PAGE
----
|OSHA requirements are set by statute, standards and regulations. Our interpretation letters explain these requirements and how they apply to particular circumstances, but they cannot create additional employer obligations. This letter constitutes OSHA's interpretation of the requirements discussed. Note that our enforcement guidance may be affected by changes to OSHA rules. Also, from time to time we update our guidance in response to new information. To keep apprised of such developments, you can consult OSHA's website at http://www.osha.gov.
February 23, 2011
Mr. Norberto Rosa
Richmond Local Office
U.S. Equal Employment Opportunity Commission
830 East Main St., 6th Floor
Richmond, VA 23219
Dear Mr. Rosa:
Thank you for your September 21, 2010, letter to the Occupational Safety and Health Administration (OSHA) regarding restaurant kitchen safety. Your letter has been referred to OSHA's Directorate of Enforcement Programs (DEP). This letter constitutes OSHA's interpretation only of the requirements discussed and may not be applicable to any question not delineated within your original correspondence.
Question:Does wearing a skirt in a restaurant kitchen setting pose a safety hazard?
Answer:OSHA does not have a specific standard or policy addressing the wearing of skirts - any type of skirt - in a restaurant kitchen setting. In general, section 5(a)(l) of the 1970 Occupational Safety and Health Act, 29 U.S.C. §654(a)(1) (general duty clause), requires employers to furnish employment and a place of employment which are free from recognized hazards that cause or are likely to cause death or serious physical harm to their employees.
Unfortunately, OSHA cannot provide a more specific answer to your inquiry due to the limited amount of information provided. The degree of exposure to restaurant kitchen hazards depends on, among other factors, the work the employee is performing and the characteristics of the employee's clothing. Employees may be exposed to sharp objects and hot surfaces and substances, and risk being cut and burned. The exposure of a greater amount of skin, whether from shorts, short skirts, or short sleeves, can increase the likelihood and severity of burns from splashing hot substances. The more loose-fitting the clothing is, meanwhile, the greater the potential for the clothing to catch fire or become caught in a machine. Regardless of the potential hazard, exposure also depends upon job responsibilities. For example, a waitress picking up food orders in the kitchen is generally less exposed to the hazards there than the cooks are.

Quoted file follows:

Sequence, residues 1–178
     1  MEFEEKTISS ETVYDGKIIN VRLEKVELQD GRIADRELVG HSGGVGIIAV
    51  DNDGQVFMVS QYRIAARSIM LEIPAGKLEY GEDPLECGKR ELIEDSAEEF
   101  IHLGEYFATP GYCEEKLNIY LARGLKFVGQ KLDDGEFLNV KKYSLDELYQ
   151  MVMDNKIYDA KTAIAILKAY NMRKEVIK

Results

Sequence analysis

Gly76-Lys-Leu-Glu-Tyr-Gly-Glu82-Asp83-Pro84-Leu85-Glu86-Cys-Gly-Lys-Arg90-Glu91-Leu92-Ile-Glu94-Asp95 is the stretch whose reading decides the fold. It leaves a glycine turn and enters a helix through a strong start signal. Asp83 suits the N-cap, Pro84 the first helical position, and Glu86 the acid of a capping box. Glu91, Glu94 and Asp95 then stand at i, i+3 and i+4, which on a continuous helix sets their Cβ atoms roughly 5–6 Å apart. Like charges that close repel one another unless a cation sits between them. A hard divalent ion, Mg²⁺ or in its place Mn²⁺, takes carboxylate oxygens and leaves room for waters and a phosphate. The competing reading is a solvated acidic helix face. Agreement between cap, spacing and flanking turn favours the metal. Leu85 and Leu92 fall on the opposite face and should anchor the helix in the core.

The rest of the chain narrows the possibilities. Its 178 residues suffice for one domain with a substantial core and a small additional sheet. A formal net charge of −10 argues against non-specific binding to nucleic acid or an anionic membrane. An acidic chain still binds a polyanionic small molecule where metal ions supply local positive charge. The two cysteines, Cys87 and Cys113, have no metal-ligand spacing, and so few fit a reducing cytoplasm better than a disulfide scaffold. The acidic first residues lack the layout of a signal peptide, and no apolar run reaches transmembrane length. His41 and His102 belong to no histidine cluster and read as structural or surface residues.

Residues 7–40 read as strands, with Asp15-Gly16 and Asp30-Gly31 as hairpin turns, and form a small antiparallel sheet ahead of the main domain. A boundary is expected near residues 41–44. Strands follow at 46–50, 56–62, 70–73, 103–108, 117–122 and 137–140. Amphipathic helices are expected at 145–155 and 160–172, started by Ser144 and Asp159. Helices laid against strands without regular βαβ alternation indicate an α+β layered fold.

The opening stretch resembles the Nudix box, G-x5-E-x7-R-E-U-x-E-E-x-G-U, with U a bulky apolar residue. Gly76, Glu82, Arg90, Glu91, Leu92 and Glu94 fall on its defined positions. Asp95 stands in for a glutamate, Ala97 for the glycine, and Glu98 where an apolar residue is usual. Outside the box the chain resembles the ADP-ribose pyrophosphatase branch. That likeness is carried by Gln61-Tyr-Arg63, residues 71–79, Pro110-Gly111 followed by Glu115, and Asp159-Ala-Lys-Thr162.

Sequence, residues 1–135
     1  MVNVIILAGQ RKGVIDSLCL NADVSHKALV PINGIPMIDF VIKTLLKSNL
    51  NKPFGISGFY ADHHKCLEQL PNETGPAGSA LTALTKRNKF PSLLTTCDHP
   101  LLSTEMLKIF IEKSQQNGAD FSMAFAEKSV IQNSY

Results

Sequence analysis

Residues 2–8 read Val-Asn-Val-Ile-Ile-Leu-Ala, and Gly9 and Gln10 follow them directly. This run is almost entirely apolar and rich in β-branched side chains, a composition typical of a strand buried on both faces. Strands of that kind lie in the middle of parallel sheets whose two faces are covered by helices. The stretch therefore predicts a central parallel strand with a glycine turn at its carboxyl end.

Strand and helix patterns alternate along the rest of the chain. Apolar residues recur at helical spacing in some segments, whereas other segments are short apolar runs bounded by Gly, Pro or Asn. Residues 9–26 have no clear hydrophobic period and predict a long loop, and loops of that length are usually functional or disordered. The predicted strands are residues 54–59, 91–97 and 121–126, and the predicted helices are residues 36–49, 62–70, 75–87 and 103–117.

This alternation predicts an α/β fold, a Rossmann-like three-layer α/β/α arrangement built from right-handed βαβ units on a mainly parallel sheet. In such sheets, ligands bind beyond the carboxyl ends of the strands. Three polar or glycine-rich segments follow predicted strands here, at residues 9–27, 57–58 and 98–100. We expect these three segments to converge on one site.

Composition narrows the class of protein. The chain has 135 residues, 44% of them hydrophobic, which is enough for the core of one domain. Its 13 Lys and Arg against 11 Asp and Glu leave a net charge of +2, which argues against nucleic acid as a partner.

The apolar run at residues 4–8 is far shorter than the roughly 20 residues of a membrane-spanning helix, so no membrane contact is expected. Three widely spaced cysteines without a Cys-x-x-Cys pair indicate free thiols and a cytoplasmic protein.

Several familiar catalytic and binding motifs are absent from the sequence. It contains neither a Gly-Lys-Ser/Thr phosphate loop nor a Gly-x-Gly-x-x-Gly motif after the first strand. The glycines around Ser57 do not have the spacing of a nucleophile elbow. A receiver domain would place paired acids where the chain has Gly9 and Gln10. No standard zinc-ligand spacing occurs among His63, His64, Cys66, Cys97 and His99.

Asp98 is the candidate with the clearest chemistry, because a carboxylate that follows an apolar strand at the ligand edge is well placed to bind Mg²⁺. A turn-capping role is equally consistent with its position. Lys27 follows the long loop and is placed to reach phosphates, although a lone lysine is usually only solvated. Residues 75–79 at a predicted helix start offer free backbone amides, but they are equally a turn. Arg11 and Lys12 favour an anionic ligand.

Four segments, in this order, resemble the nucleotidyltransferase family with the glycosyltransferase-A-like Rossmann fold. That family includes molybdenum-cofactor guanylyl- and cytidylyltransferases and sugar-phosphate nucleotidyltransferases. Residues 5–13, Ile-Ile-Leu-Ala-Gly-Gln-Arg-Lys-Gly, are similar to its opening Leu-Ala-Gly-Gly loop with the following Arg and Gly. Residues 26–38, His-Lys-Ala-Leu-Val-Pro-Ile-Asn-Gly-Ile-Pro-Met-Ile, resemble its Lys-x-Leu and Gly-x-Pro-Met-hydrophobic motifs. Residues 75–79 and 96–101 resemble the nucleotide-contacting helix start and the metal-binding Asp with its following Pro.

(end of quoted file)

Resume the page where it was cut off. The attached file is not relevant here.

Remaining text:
Although OSHA does not have a specific standard or policy regarding kitchen apparel, we do recommend that kitchen staff, particularly those working in close proximity to any of the various hazards described above, wear protective clothing such as long-sleeved cotton shirts and pants to protect from cuts and bums. For more information on potential hazards in restaurants that relate to employee dress, please see OSHA's website at http://www.osha.gov/SLTC/youth/restaurant/index.html. This section of OSHA's website is directed towards protecting young workers but the information and advice is applicable to all restaurant workers. Information particularly relevant to your question is under the Cooking and Food Prep tabs.
In addition, the State of Virginia operates its own occupational safety and health program under a plan approved and monitored by Federal OSHA. Under this plan, the Virginia Department of Labor and Industry promulgates and enforces occupational safety and health standards under authority of State law. Virginia generally adopts standards that are identical to Federal OSHA, and any standards that are different must be at least as effective as the Federal standards. You may contact Virginia OSHA at the following address for more information on their standards and specific hazards:
Courtney Malveaux, Commissioner
Department of Labor and Industry
Virginia Occupational Safety and Health (VOSH)
13 South 13th Street
Richmond, VA 23219
Tel: 804-786-2377, Fax: 804-371-6524
Thank you for your interest in occupational safety and health. We hope you find this information helpful. Please be aware that OSHA's enforcement guidance is subject to periodic review and clarification, amplification, or correction. Such guidance could also be affected by subsequent rulemaking. In the future, should you wish to verify that the guidance provided herein remains current, you may consult OSHA's website at www.osha.gov. If you have any further questions, please feel free to contact the Office of General Industry Enforcement at (202) 693-1850.
Thomas Galassi, Director
Directorate of Enforcement Programs